A Memory Called Empire Book Review

a memory called empire, sci fi, science fiction books, science fiction aesthetic, science fiction, book worms, book aesthetic, book review, book review blogs, book review template, book blog, book blog post ideas, book blogger, book blogging, book blog ideas, book blog to follow, reading, reading aesthetic, blog, blog post ideas, blog content, Title: A Memory Called Empire
Author: Arkady Martine
Publication Date: 2020 
Publisher: TOR Books 
Genre: Sci-fi
Length of audiobook: 15:37:00
Trigger warnings: Suicide, death

Synopsis:
In a war of lies she seeks the truth . . .

Ambassador Mahit Dzmare travels to the Teixcalaanli Empire’s interstellar capital, eager to take up her new post. Yet when she arrives, she discovers her predecessor was murdered. But no one will admit his death wasn’t accidental – and she might be next.

Now Mahit must navigate the capital’s enticing yet deadly halls of power, to discover dangerous truths. And while she hunts for the killer, Mahit must somehow prevent the rapacious Empire from annexing her home: a small, fiercely independent mining station.

As she sinks deeper into an alien culture that is all too seductive, Mahit engages in intrigues of her own. For she’s hiding an extraordinary technological secret, one which might destroy her station and its way of life. Or it might save them from annihilation.

A Memory Called Empire is book one in the Teixcalaan duology.

My thoughts:
A Memory Called Empire is a book that jumps straight into the plot. We follow Mahit Dzmare, a new leader in Teixcalaanli. In this world, the memories of previous people in the same positions are taken and inserted inside new workers after the predecessor has died. This process can only happen if the body of the previous person is kept, if the body has been destroyed then their memories and those of others that they contained are lost. Towards the beginning of the book we see how Mahit is adjusting to having other memories but also another entity inside her head which can control her nervous system too. This is a fairly unique concept but the mechanics of it didn't quite seem to work out.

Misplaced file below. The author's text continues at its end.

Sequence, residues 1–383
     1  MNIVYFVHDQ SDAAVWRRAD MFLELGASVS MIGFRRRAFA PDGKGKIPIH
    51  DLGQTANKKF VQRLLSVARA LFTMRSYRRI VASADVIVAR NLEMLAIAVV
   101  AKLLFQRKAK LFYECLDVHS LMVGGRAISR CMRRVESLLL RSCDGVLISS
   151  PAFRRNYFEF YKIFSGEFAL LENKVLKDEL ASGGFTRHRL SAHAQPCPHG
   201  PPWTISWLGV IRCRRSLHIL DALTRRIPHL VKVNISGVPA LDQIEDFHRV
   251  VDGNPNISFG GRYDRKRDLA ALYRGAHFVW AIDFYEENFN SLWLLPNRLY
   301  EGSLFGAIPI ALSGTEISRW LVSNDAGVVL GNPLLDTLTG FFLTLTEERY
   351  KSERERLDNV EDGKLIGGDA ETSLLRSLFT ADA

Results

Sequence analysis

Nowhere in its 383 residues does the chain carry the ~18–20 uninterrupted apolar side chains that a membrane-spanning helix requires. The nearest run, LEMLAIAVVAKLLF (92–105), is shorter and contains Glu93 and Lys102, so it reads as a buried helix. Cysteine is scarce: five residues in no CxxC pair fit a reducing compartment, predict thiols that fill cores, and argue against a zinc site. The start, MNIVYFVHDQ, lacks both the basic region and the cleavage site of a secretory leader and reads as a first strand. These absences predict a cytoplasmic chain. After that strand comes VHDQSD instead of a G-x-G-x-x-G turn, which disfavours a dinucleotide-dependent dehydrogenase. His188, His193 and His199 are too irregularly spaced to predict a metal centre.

This book started off well, it was interesting and reminded me of Skyward by Brandon Sanderson but with an adult main character. However, as I continued to listen to the audiobook, it just seemed like more of the same. A lot of dialogue and dry explanations but nothing really seemed to happen. It was just a bit slow.

Furthermore, this book talked a lot about the deceased and not respectfully. The dead are basically treated as memory banks in this book. They don't really seem to be mourned, people are more concerned about the loss of memories than anything else. I also think that the use of having another mind inside the main character who can also control her could be potentially triggering to some readers. I would really recommend being careful if you could be triggered and do decide to read this book.

Overall, this book had a great concept: a murder mystery in a sci-fi setting? Who wouldn't want to read that? But in actuality with how this book was written and  parts of the plot, this just wasn't a book for me.

*I DNF'd this book so I will not give a star rating

A copy of this book was kindly sent to me to review, however, all opinions are my own.

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